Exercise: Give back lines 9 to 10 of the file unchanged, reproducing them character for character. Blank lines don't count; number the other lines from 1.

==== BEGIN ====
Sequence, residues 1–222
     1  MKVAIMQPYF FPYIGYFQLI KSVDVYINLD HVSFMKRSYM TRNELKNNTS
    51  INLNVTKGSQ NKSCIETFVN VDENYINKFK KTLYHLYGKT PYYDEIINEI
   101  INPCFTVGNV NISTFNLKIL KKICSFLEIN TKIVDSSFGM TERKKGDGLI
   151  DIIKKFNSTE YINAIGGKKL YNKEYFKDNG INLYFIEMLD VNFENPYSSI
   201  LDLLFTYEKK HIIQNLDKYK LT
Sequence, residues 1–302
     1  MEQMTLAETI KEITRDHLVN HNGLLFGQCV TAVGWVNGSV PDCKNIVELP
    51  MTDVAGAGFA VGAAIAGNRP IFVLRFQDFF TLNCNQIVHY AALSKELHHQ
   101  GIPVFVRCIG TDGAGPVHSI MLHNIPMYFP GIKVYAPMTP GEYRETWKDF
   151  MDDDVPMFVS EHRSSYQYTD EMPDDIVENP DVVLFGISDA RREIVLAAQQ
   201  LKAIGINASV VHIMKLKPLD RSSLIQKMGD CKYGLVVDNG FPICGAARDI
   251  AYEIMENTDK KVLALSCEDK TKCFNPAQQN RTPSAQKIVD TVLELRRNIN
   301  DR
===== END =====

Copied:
    51  MTDVAGAGFA VGAAIAGNRP IFVLRFQDFF TLNCNQIVHY AALSKELHHQ
   101  GIPVFVRCIG TDGAGPVHSI MLHNIPMYFP GIKVYAPMTP GEYRETWKDF